Firefighting foam leaves toxic legacy in Californians’ drinking water
By David S.Cloud, Anna M. Phillips, Tony Barboza | Los Angeles Times | October 8, 2019
Read the full article by David S.Cloud, Anna M. Phillips, Tony Barboza (Los Angeles Times)
SACRAMENTO — It was a Sunday tradition at Bethany Slavic Missionary Church. After morning services, Florin Ciuriuc joined the line of worshipers waiting to fill their jugs with gallons of free drinking water from a well on the property, a practice church leaders had encouraged.
“I take it for my office every week,” said Ciuriuc, a 50-year-old Romanian immigrant and a founding member of the largely Russian-speaking church, which claims 7,000 congregants.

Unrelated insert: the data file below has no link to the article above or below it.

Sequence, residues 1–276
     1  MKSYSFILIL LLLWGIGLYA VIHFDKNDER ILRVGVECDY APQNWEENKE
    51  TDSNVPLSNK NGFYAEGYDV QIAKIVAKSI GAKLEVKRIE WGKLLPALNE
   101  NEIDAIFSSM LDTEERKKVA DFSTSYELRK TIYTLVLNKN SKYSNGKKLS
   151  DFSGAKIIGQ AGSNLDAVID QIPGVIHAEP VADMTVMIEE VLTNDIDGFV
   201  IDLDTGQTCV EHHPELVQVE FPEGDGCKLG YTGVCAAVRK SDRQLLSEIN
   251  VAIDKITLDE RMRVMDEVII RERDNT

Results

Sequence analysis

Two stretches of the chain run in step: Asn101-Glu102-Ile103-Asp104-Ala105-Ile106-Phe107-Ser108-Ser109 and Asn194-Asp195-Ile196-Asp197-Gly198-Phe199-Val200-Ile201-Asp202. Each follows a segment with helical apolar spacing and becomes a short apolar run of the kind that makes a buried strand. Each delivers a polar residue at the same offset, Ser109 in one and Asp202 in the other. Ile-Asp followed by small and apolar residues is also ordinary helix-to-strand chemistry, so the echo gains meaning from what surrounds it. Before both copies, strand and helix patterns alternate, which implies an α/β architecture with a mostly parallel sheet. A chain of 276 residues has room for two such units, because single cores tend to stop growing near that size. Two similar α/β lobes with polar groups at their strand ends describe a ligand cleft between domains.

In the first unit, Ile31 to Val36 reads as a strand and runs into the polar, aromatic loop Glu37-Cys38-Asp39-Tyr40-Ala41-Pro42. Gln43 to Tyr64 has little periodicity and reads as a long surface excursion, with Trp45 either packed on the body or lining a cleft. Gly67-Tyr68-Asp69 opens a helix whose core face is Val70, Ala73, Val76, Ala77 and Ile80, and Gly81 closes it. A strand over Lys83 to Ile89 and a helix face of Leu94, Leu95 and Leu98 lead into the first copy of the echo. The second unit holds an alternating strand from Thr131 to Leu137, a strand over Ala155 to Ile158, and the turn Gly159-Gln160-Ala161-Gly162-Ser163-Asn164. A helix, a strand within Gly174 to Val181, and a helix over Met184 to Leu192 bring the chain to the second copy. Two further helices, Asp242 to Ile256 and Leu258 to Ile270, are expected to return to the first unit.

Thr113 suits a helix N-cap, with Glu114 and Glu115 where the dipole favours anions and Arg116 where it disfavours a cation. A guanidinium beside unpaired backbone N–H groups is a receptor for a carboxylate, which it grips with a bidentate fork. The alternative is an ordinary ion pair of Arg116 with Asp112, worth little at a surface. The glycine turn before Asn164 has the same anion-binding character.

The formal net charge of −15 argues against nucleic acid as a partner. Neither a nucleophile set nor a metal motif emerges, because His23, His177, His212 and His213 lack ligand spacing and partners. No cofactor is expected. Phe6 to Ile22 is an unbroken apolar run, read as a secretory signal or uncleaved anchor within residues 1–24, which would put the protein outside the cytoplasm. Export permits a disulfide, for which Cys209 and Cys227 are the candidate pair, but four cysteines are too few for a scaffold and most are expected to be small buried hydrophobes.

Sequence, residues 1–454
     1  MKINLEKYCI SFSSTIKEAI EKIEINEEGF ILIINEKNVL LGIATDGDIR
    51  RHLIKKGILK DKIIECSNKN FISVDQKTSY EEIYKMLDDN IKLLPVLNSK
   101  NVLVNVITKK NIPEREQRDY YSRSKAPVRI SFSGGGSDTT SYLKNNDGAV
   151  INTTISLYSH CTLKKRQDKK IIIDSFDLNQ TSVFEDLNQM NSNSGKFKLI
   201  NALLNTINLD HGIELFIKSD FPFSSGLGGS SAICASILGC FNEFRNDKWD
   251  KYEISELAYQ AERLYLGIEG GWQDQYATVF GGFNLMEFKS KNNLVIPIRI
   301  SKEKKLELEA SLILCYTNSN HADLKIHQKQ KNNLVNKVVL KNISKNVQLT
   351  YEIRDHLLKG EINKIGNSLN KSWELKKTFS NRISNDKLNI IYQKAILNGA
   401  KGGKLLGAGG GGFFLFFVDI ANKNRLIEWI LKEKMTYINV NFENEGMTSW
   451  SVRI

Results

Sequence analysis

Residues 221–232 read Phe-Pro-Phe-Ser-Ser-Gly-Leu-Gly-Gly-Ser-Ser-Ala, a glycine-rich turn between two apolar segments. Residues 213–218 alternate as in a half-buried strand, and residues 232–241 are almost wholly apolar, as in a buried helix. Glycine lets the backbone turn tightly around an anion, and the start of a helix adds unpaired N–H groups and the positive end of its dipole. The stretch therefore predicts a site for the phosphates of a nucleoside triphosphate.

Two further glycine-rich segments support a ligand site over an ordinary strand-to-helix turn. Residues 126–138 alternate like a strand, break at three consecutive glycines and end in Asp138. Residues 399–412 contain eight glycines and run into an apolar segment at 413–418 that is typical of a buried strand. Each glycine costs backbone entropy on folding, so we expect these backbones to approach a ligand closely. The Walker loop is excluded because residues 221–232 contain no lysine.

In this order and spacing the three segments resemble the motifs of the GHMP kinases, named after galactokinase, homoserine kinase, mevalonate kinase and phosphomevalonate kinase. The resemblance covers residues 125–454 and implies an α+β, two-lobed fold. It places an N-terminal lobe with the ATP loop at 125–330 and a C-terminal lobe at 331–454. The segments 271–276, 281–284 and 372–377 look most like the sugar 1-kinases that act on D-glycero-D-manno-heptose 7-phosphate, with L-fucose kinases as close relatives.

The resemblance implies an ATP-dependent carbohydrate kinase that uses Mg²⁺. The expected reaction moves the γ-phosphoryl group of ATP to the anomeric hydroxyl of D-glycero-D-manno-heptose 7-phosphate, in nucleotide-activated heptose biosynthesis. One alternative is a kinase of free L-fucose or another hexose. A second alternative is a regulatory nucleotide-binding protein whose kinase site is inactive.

Church leaders boasted it was the cleanest water in Sacramento, according to Ciuriuc. In fact, test results showed the water contained toxic chemicals from firefighting foam used for decades on a now-shuttered Air Force base a mile away. Church leaders say they did not understand their well was contaminated.
The church’s well is one of thousands of water sources located on and near military bases polluted with chemicals from the foam, which was used by the armed services since the 1960s.